The Hennessey Venom GT hit 270.49mph at the Kennedy Space Center on February 14th, thus becoming the fastest production car in the world by beating the Bugatti Veyron Super Sport's previous record of 269.86 mph.
Bugatti and Hennessey has been fighting for the crown for quite some time now, and while this round goes to America, we all know car makers will only stop when people's heads are starting to explode. After all, the game has been on since 1894.
The Venom GT managed to reach 265.7 mph (427.6 km/h) before running out of room on the 2.9 mile long runway at Naval Air Station Lemoore, California back on February 9th, 2013. This is how that went:
Almost exactly a year later, they tried their luck at the Kennedy Space Central's landing strip and according to Top Gear, the resulting numbers were astonishing:
According to the official VBox figures, the Venom - powered by a 7.0-litre twin-turbo GM-sourced V8 - accelerated from 20mph to 120mph in just 7.71 seconds, pulling a maximum 1.2g of longitudinal acceleration as it went.
Perhaps even more impressive, the Venom went from 120mph to 220mph in a fraction under ten seconds. That's extraordinary acceleration, even for a car that holds the 0-200mph record. Achieving the final 10mph took just ten seconds.
270.49 mph. Impressive, but I know what you're thinking. The gap between the Veyron SS and the Venom GT is just 0.63 mph. That can easily be the result of the different tracks, not to mention the weather.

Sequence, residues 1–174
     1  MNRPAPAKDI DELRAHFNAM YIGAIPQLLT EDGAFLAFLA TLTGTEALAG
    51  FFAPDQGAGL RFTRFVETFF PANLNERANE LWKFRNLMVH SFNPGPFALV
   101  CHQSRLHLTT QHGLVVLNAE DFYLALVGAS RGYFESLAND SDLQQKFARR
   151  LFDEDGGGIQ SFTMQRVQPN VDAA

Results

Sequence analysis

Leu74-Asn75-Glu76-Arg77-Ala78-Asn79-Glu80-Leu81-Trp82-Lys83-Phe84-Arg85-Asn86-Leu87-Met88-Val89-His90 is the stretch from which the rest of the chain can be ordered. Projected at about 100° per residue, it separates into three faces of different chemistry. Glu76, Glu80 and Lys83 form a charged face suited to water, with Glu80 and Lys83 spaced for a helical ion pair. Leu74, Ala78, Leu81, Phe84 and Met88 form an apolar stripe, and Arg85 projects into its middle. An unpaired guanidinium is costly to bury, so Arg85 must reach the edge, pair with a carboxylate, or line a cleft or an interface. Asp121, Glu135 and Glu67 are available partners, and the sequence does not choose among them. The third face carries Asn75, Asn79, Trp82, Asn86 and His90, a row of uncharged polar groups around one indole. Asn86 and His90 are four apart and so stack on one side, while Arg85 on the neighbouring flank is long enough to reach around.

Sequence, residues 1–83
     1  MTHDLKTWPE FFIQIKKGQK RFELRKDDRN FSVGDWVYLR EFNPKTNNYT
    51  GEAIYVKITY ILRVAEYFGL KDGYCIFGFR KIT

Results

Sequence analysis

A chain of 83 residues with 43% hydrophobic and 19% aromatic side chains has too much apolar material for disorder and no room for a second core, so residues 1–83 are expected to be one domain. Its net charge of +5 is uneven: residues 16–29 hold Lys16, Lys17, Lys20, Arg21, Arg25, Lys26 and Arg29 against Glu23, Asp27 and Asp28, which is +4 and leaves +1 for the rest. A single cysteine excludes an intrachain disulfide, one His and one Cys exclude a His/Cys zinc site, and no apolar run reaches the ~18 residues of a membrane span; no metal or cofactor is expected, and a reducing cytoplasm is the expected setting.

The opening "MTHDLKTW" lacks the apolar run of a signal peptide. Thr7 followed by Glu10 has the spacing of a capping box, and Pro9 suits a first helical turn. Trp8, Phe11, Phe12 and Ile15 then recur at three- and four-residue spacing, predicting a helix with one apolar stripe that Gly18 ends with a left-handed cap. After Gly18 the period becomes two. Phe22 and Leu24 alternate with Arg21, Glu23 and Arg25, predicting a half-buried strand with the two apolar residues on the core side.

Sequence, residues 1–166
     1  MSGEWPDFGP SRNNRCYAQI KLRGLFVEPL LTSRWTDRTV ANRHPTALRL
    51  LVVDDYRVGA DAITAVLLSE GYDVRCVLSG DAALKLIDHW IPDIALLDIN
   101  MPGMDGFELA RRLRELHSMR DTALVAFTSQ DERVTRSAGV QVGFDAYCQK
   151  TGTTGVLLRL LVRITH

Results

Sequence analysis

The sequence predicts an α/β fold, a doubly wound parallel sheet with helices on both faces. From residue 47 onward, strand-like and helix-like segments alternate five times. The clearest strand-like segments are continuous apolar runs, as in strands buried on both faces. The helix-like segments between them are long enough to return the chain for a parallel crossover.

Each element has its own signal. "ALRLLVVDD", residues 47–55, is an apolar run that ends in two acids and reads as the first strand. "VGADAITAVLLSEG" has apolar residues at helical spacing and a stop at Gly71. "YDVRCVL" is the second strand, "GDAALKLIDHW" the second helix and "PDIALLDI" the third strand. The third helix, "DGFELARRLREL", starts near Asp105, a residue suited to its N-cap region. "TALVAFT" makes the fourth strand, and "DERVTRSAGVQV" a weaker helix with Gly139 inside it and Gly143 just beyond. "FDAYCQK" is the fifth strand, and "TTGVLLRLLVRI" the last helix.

Therefore, the Venom's record is not accepted by Guinness either since to qualify for an official record, you have to do a run in both directions to compensate for the wind. But according to John Hennessey, it wasn't up to them:
We wanted to run in both directions, but the NASA guys wouldn't let us. Getting into NASA isn't easy. It was a two-year process.
The morning was relatively calm, about a 3mph quarter-crosswind. If we'd run in both directions, the result would have been pretty much the same.
Fair enough, but even that wouldn't be enough. Guinness set the limit for production cars at 30 units and Hennessey only builds 29 Venom GTs, with 11 delivered already. No big deal, Hennessey doesn't compete with the Veyron anyway:
They're completely different cars. We aim not just to be the most powerful, but also the lightest. That thing [the Veyron] is a Bentley GT, a comfortable car.
Having said that, there's a reason why they can't prove the car's capabilities at the Ehra-Lessien oval, and that reason is Volkswagen. John Hennessey believes that since the Venom was still accelerating at the rate of 1 mph/second in the end, they could go even further. 280 mph is the next barrier to break.
Meanwhile, the Texans will carry on by testing different gearing and aim for track records, including the most prestigious one at the Top Gear Test Track at Dunsfold Airfield.
Mercedes-Benz had no comment.
The full story about the Venom GT will appear in the May issue of Top Gear Magazine, but while waiting, buy yourself one of the last Veyrons since we all want to see what they could come up for the next showdown.